Thursday, July 26, 2007

Whether Specific Unanimity Instruction Is Required When Single 922(g) Count Alleges Multiple Firearms Must Be Determined On Case-By-Case Basis

United States v. Villegas, No. 06-20165 (5th Cir. July 25, 2007) (per curiam) (Jones, King, Davis)

Villegas was charged with being a felon in possession of a firearm, in a count that alleged nine different firearms. At trial, he requested that the court instruct the jury that it must make a unanimous finding as to at least one of the nine firearms. The court denied the instruction, and Villegas was convicted.

Villegas pressed that issue on appeal. The court observed that "[a]lthough the right to a jury trial carries with it a right to a unanimous verdict, absolute factual concurrence is not mandatory and, indeed, would be unworkable[,]" and that "[t]he duty of the court is to determine which facts are necessary to constitute the crime and to require consensus on those facts." Thus, the question of whether unanimity is required as to the factual basis for a conviction is a question that must be answered on a case-by-case basis after consideration of several factors from Richardson v. United States, and United States v. Correa-Ventura. Those factors include:
  • "statutory language and construction, legislative intent, historical treatment of the crime by the courts, duplicity concerns with respect to defining the offense, and the likelihood of juror confusion in light of the specific facts of the case"
  • "the risk that allowing the jury to avoid addressing specific factual details will cover up disagreement among the jurors about the defendant’s conduct, or that the jury might convict based on evidence that generally paints the defendant in a bad light rather than focusing on the facts of the case"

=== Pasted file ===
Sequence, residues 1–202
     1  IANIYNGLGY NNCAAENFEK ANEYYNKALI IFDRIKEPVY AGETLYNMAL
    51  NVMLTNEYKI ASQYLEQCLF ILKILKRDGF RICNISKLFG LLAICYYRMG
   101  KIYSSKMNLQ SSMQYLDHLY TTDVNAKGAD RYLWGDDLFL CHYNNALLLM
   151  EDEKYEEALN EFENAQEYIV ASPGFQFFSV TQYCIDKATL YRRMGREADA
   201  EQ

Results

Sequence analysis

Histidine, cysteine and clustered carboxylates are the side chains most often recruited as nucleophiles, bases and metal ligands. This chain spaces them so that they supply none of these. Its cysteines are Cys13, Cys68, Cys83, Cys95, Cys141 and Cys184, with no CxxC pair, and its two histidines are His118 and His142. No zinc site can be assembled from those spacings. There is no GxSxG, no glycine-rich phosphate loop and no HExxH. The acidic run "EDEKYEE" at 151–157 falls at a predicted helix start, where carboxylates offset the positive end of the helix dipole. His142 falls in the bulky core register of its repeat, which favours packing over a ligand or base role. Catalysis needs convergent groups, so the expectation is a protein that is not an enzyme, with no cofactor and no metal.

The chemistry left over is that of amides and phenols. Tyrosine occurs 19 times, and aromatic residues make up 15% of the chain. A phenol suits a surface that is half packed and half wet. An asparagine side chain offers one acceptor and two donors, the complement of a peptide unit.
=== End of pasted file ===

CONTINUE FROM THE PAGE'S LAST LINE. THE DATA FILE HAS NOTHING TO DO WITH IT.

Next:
• "whether defining a crime that allows a jury to convict while disagreeing about means 'risks serious unfairness and lacks support in history or tradition'"
The court held that in this case, the Richardson-Correa-Ventura factors did not require a specific unanimity instruction. First, the text of the statute and its legislative history place the emphasis on the type of person who is prohibited from possessing a firearm, not on the firearm itself. Second, "simultaneous possession of multiple firearms has been treated uniformly as a single offense regardless of the number of weapons involved[,]" thus assauging duplicity concerns. Finally, given the facts of the case, there was little likelihood that the jurors would be confused, that they would disagree about Villegas's possession of a firearm (mitigating any disagreement about a particular firearm), or that they "would ignore underlying factual details and convict on an improper basis."

Although a specific unanimity instruction wasn't required here, the court made a point of saying that "[w]e do not mean to suggest, however, that such an instruction is never required in a § 922(g) case, and we decline to speculate as to which factual scenarios might require such an instruction." Note that the opinion doesn't flesh out the facts of this case in great detail, so there should be ample room to argue for such an instruction in other cases.

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